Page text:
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Research: How to secure the Tor network against correlation attacks

Traffic flow correlation represents one of the most commonly used techniques in a variety of deanonymization attacks against users of the Tor network. An attacker who can monitor network traffic on both ends of a communication channel can successfully launch an end-to-end correlation attack. These attacks rely on using statistical correlation methods to identify if a traffic stream originating from a user is the exact same traffic stream reaching the connection destination observed by the attacker. As such, these attacks are also sometimes referred to as traffic confirmation attacks.

Correlation attacks are considerably difficult to mitigate in onion routing anonymity networks such as Tor. It is for this reason the Tor project reported in a blog post that the protocol is not designed to protect against these forms of attacks. Moreover, many research studies have shown that correlation attacks represent a serious threat to users of the Tor network.

A recently published research paper proposes solutions that can render correlation attacks against Tor users much more difficult to launch. Throughout this article, we will overview the countermeasures proposed via this paper to counteract correlation attacks.

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Countermeasures that can be implemented by Tor users:

There are multiple means via which an ordinary Tor user can counteract an end-to-end correlation attack. These include:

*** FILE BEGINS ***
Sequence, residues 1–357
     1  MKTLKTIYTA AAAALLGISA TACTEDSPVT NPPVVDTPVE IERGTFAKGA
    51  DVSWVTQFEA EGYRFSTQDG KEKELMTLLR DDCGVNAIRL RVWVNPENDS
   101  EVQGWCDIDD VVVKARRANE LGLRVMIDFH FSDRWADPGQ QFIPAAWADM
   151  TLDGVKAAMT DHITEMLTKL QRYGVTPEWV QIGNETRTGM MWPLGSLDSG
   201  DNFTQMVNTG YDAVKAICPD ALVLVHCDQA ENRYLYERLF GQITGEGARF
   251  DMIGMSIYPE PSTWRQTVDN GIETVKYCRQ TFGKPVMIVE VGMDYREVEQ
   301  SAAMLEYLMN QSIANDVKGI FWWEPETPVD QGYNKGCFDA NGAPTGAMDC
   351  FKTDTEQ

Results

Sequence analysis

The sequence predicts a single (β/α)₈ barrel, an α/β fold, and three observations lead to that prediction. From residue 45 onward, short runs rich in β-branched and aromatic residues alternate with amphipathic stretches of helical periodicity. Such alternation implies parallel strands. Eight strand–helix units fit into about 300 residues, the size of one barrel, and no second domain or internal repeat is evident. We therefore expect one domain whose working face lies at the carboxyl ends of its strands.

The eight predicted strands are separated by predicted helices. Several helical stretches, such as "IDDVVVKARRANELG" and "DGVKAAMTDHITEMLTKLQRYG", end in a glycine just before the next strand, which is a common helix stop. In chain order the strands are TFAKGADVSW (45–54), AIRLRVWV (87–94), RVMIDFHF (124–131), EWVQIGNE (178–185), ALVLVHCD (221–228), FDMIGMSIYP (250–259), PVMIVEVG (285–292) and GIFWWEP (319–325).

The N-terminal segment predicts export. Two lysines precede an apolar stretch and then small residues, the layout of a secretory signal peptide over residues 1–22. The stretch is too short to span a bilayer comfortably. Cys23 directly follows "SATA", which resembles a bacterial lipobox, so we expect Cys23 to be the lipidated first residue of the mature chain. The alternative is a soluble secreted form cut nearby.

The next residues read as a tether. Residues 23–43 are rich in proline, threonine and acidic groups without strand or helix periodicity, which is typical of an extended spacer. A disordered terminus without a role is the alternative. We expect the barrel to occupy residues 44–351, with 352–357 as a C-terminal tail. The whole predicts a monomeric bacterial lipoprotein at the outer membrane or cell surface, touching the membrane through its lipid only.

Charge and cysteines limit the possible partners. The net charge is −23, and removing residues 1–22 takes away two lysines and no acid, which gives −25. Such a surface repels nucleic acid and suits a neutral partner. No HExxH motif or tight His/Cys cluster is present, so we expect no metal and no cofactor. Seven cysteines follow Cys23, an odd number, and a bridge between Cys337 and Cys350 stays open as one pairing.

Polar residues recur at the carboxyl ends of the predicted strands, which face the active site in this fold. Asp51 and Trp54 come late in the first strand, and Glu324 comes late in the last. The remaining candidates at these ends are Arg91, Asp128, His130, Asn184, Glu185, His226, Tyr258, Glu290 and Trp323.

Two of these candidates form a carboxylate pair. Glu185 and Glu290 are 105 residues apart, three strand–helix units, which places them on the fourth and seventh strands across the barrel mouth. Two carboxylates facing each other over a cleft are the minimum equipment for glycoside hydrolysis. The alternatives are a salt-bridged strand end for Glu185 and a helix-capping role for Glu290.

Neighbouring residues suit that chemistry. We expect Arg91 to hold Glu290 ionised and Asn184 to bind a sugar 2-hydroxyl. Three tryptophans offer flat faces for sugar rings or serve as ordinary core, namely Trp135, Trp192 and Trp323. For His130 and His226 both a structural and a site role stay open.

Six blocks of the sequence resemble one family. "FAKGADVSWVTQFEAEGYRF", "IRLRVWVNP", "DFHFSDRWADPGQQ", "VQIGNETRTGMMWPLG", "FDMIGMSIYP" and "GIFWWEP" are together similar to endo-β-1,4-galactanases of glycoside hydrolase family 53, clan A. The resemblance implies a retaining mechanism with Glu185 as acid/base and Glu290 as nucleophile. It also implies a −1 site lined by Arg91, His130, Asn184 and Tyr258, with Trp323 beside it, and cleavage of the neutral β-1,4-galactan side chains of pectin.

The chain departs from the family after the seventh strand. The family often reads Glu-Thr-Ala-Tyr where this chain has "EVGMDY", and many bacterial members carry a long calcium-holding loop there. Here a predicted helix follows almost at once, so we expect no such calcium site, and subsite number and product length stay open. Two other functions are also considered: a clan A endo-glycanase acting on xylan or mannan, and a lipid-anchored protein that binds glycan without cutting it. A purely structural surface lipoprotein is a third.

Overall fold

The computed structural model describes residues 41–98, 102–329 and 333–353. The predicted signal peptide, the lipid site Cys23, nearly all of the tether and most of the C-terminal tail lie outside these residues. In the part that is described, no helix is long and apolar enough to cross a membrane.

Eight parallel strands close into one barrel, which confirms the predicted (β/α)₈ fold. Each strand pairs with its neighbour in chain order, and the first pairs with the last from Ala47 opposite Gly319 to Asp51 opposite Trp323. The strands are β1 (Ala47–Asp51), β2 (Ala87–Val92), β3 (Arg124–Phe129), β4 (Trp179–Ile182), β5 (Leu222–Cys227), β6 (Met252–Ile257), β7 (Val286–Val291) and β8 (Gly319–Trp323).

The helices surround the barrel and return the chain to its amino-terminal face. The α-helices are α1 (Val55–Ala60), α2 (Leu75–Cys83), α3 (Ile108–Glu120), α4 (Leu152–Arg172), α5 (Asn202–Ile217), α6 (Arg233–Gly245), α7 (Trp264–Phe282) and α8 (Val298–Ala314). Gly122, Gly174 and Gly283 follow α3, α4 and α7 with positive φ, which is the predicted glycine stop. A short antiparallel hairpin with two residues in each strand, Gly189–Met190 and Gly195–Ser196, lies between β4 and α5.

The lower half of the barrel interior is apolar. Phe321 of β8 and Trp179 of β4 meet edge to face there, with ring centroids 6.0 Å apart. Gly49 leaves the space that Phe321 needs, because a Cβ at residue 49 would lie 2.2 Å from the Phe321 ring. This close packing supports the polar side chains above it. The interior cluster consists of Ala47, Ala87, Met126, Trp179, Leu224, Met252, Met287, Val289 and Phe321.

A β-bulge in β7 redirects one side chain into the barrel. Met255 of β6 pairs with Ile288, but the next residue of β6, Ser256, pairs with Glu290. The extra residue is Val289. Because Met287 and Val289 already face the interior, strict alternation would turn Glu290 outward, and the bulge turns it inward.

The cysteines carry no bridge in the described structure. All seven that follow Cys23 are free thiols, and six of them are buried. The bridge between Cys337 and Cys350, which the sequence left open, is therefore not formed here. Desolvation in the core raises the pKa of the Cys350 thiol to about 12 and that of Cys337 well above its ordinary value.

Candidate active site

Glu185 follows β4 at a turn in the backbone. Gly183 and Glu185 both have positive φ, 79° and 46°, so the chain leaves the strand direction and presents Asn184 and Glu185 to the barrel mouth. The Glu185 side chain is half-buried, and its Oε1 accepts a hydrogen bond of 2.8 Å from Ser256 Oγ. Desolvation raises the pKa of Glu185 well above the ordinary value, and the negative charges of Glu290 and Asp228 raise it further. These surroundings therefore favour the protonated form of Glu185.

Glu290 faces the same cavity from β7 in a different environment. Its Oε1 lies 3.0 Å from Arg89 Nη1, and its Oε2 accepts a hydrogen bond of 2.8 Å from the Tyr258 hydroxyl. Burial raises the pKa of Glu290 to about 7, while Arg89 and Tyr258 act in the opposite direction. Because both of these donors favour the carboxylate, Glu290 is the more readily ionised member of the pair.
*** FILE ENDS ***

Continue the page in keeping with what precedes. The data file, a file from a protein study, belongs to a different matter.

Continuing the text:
a- Tampering with the correlation of two traffic streams:

To prevent an adversary from launching a successful correlation attack, a user can try to disrupt the correlation of two traffic streams.

The first step that can be done is utilizing the fact that the Tor protocol does not split outgoing connections to different destinations into multiple streams. Accordingly, a dummy traffic disrupting the original pattern of communication can reduce the correlation. It is considerably difficult for an attacker to distinguish the dummy traffic from the communication stream with the destination server. Nevertheless, if the attacker has control over the entry node, the user has to ensure that the dummy traffic flow follows the stream of communication flowing to the next node within the circuit, or else the entry node would be able to distinguish the dummy traffic from the targeted traffic.

Another way to protect against such attacks is to use busy nodes. Previous research studies have shown that incorporating busy nodes into a Tor circuit reduces the probability of launching a successful correlation attack and requires the attacker to dedicate more computing power to successfully launch the attack.

b- Preventing the adversary from getting into the right position:

A Tor user can implement several measures to prevent the attacker from acquiring an ideal position to correlate traffic streams, rendering eavesdropping more difficult to accomplish.

To reduce the probability of connecting to a malicious exit node for a significant period, a user should frequently switch the circuit. A user should only pick more trusted relay nodes to route their network traffic, yet this increases potential risks provided that one of these nodes gets corrupted.